(To be continued both of virtue and manners; and our own


No. v.



WHEN I wrote you last I expected term the Opera.

From the small acthat we should have left this country be quaintance that I had with the English fore this, as our mission was compleled. language, I discovered that the language The Great Vizier, who, in the jargon of of the performers was not that which I hear this country, is called the First Minister, or daily spoken in the country. Premier, bears so strong a l'esemblance to “ Whence is this," said I to our inter. Persians in his manners and way of think preter; “ they do not talk the language of ing, that I can almost imagine myself, when the audience?" in bis company, with one of our own Vi. “No," replied he. ziers. He conducts the affairs of the na. Perhaps," rejoined I, “ as the Koran tion without troubling himself to defend is Arabic, and the colloquial Persian an his measures; he leaves to others to speak, adulteration of the Hindostanee, so the and contents himself, like a wise Mussel. language of these performers which you man, with acting. He is likewise fond of call Italians, is but a purer kind of Eng. shew and splendour, and when his house lish, and is allowed, in order to keep up is prepared for the reception of visitors, he the memory and the knowledge of your is not inferior to the Princes of Persia. original tongue." The riches of this country overflow on every No," said he; it is Italian, a lansubject, and even attach to those which guage to:ally foreign, and which ninedo not seem naturally to admit them. I tenths of those who are here do not unThere is no article of furniture about an derstand." Englishman's house the cost of which * Then why are they there?" said I. would not buy a Persian estate. Once for “ Because," replied he, “it is the faall, as I have told you before, the English | shion ; because it is a place where friends live in this world as if they had no hopes can meet each other; and because of the of another; they remember that they are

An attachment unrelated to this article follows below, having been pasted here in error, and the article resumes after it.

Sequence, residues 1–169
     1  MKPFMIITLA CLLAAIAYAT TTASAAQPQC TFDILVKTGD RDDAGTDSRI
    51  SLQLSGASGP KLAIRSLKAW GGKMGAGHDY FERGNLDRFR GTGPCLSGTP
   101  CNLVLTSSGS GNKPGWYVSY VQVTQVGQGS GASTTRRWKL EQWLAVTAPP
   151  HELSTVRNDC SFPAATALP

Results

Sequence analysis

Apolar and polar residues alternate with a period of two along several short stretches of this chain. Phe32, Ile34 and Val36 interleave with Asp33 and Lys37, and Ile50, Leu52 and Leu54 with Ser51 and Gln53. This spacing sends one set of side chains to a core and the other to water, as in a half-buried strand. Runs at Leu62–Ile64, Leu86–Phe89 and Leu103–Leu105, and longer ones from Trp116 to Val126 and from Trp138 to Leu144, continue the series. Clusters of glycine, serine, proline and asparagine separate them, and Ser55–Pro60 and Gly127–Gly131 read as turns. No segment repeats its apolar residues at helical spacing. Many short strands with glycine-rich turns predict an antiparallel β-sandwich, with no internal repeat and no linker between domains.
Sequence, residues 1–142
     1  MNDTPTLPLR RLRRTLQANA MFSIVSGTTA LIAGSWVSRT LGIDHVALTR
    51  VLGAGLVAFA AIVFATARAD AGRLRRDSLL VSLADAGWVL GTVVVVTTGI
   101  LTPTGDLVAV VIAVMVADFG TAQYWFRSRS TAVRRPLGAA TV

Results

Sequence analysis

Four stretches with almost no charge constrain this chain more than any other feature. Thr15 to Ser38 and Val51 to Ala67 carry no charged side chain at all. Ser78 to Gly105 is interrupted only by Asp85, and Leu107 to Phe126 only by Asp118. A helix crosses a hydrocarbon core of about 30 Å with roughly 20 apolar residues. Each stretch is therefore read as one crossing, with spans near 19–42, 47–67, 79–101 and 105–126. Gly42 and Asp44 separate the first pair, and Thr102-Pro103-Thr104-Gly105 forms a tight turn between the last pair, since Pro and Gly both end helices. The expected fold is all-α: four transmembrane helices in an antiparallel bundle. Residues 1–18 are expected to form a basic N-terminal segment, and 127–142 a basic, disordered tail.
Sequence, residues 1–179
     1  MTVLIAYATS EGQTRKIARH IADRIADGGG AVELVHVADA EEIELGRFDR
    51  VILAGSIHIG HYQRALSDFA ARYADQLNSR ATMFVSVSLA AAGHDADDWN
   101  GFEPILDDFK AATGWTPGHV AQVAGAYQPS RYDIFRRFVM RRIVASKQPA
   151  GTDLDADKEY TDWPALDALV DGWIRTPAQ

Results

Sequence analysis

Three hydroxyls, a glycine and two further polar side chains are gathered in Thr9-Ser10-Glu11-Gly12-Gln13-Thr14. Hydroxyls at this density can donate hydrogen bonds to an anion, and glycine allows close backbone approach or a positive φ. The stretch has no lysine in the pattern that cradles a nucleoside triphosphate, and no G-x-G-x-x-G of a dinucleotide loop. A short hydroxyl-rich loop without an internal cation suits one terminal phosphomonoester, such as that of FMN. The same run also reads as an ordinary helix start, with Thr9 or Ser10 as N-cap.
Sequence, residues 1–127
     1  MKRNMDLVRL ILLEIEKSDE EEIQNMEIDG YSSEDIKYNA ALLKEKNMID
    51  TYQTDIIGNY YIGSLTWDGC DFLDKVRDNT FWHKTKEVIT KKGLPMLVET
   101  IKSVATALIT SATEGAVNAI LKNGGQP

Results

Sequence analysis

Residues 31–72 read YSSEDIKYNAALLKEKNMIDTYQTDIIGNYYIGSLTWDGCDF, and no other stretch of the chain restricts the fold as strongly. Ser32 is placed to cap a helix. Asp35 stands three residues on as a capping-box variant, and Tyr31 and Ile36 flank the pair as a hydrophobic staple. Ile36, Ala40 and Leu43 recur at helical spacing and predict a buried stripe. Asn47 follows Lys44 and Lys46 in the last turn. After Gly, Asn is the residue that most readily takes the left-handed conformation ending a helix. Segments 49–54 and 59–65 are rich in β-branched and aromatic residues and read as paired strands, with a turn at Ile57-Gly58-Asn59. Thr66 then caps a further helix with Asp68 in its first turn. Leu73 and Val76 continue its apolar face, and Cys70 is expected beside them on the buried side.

music." not Mahometans, and therefore having no “ And cannot th:lave this same sohope are without shame.